I am installing my rebuilt engine and my new 200-4R. I am using the transmission side mount kit from Danchuk. With the engine and tranny installed, I added some shims to the tranny mounts to level the carb mount on the intake. I then did a check of the transmission shaft angle compared to the pinion angle. The tranny shaft points down at 3 degrees and the pinion angle is pointing up at 8 degrees. I know these are supposed to be the same. Once I am totally done with the engine and transmission work, I will do a final check of the angle and get some shims from Summit Racing and correct the angle. My question is this. Would this 5-degree mismatch cause a vibration? This car has had a mysterious vibration from the day we got it. I am hoping that I have just found the root cause.
And just to double check, make sure you're measuring the pinion angle with the rear springs loaded, i.e. the normal weight of the car on the rear springs, as the angle will change a little if they're extended. Three degrees sounds about right for the engine/trans. Eight degrees doesn't sound like an original rear axle measurement...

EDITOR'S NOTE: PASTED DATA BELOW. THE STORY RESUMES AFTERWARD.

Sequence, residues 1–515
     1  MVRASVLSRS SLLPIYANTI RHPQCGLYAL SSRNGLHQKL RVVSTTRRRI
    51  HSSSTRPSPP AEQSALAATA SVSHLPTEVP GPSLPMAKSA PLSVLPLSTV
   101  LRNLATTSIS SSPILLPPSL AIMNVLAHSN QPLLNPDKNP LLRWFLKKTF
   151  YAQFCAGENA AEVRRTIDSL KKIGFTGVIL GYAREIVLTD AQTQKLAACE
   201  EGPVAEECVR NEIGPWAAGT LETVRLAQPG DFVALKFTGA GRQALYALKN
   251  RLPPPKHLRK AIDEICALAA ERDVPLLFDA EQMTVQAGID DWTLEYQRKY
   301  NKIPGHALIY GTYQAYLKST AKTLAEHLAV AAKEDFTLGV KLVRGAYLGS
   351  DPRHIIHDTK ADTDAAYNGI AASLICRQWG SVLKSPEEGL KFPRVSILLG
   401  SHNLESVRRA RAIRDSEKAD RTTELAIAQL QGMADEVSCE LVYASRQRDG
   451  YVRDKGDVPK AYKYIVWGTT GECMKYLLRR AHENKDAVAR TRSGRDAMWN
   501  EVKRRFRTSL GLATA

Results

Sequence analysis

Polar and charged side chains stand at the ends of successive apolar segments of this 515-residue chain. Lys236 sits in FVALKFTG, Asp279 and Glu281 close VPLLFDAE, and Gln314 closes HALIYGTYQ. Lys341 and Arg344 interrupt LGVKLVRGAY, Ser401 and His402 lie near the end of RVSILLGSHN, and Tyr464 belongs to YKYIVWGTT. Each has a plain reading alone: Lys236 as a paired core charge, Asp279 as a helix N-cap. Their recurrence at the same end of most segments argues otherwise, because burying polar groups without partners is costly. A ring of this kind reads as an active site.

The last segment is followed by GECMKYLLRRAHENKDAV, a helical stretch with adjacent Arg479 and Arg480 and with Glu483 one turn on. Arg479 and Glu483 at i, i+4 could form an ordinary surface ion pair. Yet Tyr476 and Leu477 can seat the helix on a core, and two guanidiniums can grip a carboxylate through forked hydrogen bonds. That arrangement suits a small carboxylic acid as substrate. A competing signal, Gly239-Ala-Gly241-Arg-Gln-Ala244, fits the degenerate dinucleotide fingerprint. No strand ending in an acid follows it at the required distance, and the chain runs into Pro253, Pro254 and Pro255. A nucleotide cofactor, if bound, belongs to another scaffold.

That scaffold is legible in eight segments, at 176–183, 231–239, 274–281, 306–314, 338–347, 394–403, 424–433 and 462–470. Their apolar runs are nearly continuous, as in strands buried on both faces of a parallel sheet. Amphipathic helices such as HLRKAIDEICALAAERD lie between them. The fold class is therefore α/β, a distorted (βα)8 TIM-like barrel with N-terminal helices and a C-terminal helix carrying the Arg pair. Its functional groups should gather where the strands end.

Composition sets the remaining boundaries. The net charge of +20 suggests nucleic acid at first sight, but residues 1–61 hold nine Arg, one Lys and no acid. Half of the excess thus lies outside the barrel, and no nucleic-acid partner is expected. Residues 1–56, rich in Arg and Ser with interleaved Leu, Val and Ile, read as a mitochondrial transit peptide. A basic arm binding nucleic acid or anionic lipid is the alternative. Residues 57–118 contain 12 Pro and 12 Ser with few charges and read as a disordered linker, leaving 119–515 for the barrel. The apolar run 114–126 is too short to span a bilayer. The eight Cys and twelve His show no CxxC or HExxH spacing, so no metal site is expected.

4 degrees pinion up is what you want, factory setting. I don't believe 5 degrees will cause any vibration, the u joints will take care of that, that's why their there. It's more important that the transmission and rear pinion are in alignment, if the transmission tailshaft is 4 degrees down, the pinion should be 4 degrees up. The 4 degrees is negotiable, as long as transmission and rear end match.
__________________ Greg Embury
Came home at 3 days old in a 55 210 2 door sedan-and I've been addicted ever since.
Strange to have a stock pinion angle up 8 degrees. Should be measured at the yoke with the car sitting as it drives/runs (ride height/load). I like a slight down angle on the pinion 1-2 degrees. Your loaded, ride height pinion angle should be 1-2 degrees up in my opinion. Summit and others sell wedge shaped shims to adjust pinion angle.
"Luck is the residue of hard work."
David, both of those links have to do with drive shaft to rear end angles for racing, off road, lift kits, etc.
That is not a consideration since tri-5's are stuck with 3 to 4 degree engine angle, due to transmission tunnel and crossmember clearance. The pinion needs to closely match that, to elimenate vibration.
It's possible to measure drive shaft to transmission and driveshaft to pinion, then add, subtract, get the square root, etc., but that involves way too much math to get an accurate measurement.
Unless your building a race car, 99.9% of your driving involves cruising the highway or city streets, where you don't want any vibration. Set it at that ride height and don't worry about the 15 seconds you spend at full throttle. You won't notice any vibration then.
I agree, if you have a stock rear end, 8 degrees seems out of wack.
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